“How are you?”
“We’re thinking about you.”
“We hope you are safe.”
These are the messages that Israelis with family and friends outside of the country are receiving daily for the past week. And many of us are actually trying to respond accurately and thoughtfully, rather than with a dismissive “all good; we’re fine: crazy times.”
In reality it is impossible to answer these questions properly because there is nothing comparable to the Israeli experience outside of Israel. People outside of Israel – Jews and non-Jews – have no reference base from which to understand this.
This past Shabbat we were awoken early with an incoming missile siren. It was approximately six in the morning and most people needed a few minutes to wake up, clear their heads and realize what was happening. Since it was Saturday morning, which is normally Shabbat and as observant Jews there are not many electricity supported events that occur that day; our day of rest.
Although there were no further sirens, we really did not comprehend the full implications of the siren because we don’t use electricity on Shabbat. It was only when we went outside to attend synagogue, that we started to get the first inkling that something was happening.
It soon became very apparent that something really serious was happening in Gaza. Again, it wasn’t the first time so there was no collective increase in anxiety levels. However the first cracks were starting to appear. Men who normally don’t drive on the Sabbath were in their cars wearing their army uniforms and racing towards the highway. Hmmm.
By lunchtime everything was upside down. Rumours were everywhere. My normally Sabbath-observant son turned on his phone and saw there was a message to get to his base ASAP. And within minutes my second son was getting the same message. The time for speculation was over.
Within moments uniforms and boots were retrieved from the bottom of cupboards, Shabbat lunch was packed into plastic containers and placed in knapsacks. It was soon clear that most of the young men and some women were headed to the bases they had left behind before going off to travel or to study. “We’ll probably be back tomorrow,” were the last words we heard before the door closed behind them.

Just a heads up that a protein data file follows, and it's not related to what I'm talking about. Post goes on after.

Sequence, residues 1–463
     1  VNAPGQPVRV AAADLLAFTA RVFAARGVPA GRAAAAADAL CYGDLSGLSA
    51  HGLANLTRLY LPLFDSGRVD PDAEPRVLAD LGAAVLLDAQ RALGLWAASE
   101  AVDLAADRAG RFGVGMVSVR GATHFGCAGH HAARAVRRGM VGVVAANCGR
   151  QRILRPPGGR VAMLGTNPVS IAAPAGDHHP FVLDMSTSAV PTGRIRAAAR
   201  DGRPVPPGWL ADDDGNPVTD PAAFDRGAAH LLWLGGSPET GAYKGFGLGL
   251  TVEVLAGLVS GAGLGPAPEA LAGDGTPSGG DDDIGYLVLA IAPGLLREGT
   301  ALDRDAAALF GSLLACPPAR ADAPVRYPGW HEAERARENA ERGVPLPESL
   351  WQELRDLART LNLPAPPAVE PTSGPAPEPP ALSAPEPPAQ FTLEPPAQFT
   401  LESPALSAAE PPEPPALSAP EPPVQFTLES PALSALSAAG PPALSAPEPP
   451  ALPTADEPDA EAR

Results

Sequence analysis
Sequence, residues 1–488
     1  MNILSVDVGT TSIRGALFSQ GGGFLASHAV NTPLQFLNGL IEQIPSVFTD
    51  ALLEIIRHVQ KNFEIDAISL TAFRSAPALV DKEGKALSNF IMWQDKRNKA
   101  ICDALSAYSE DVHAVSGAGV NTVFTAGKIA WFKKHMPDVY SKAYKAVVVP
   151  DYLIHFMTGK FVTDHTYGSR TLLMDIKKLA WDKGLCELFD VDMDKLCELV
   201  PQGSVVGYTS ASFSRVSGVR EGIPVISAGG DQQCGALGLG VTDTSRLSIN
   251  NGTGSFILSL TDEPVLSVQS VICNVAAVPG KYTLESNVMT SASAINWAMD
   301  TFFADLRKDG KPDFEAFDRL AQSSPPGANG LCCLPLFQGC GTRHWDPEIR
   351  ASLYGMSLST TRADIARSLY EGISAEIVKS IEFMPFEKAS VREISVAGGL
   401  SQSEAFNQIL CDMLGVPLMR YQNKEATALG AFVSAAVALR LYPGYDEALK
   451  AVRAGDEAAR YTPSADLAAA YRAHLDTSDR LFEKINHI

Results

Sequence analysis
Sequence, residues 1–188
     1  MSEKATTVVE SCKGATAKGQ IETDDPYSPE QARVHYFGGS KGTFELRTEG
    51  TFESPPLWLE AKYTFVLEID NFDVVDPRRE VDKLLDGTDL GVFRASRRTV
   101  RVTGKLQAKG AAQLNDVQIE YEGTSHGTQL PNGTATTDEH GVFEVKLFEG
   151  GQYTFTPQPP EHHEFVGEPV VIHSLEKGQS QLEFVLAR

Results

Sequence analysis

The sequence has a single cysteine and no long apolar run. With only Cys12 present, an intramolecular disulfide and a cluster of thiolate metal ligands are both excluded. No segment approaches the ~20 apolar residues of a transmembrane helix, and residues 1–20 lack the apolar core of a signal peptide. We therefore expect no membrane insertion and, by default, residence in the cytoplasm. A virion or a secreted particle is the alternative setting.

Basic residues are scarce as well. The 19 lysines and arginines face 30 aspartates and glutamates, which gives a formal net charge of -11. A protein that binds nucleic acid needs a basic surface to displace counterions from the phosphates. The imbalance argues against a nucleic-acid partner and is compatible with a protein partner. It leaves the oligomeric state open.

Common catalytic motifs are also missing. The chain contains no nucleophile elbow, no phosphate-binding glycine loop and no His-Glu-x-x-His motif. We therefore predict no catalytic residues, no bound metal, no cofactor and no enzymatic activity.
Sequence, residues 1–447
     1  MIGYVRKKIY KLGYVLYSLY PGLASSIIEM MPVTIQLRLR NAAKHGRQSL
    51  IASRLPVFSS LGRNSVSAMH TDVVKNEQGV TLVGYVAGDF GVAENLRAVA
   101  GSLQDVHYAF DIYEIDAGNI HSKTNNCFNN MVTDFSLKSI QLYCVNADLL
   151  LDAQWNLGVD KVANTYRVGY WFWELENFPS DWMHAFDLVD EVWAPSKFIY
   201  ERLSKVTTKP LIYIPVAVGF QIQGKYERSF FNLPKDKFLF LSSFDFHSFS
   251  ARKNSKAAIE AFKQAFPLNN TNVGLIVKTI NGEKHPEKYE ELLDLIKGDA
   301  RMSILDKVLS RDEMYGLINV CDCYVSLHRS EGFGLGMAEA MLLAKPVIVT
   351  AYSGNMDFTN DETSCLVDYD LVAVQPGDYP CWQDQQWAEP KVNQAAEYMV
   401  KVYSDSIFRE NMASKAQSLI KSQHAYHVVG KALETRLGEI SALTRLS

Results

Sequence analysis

We were still in DEFCON 3 and we cautiously carried on with the day.
That all changed early Sunday morning. Most people wake up and check their phones. It’s standard operating procedure in 2023. However most people do not check their messages and yell “OH NO” first thing. Another two seconds of scrolling, reading and the message was clear. A young man we have known for the past 21 years had been killed in action. Shock, denial, numbness all hit at pretty much the same instant. This isn’t just any soldier. It is a young man we have known since he was five and watched him grow into a remarkable – actually extraordinary – man. No, this was not possible; yet it was. He died helping one of the soldiers under his command who had been shot first. He bent down to help and he was literally a sitting duck.
Aryeh Ziering z”l, was a captain in the elite canine unit. He was a sweet little boy who loved to build with blocks. He ignored his nursery school teacher when she called him to come sit in the circle. He was busy. He was an excellent athlete and a good friend to many. He was a loving son and brother and a strong and compassionate leader of men.
The worst part was that he was only one of the many people who died a horrific death that one day. He was killed by angry men who tell themselves absurd lies to justify their barbaric actions. Instead of building up their own society into something they could be proud of, they choose to tear down others. They do not value life and they definitely do not value progress. They keep their own people down and feed them lies about their enemies. They kill babies, women, and holocaust survivors. And as if that wasn’t enough they decapitated those babies, raped the women, carried a naked dead woman through the streets of Gaza.
It is now seven days since the war began. We hear sirens and we regularly hear the Iron Dome hitting incoming missiles. On some level life goes on. We go to the dentist and the grocery store. Many families have joined together to provide food, clothing and shelter for the people running for their lives. We also make extra food for soldiers. Most important, in the name of all the brave people who have sacrificed their lives for this country, we have come together as we have not been for at least the last 39 weeks.
So, how are we? We’re fine. The nation of Israel lives.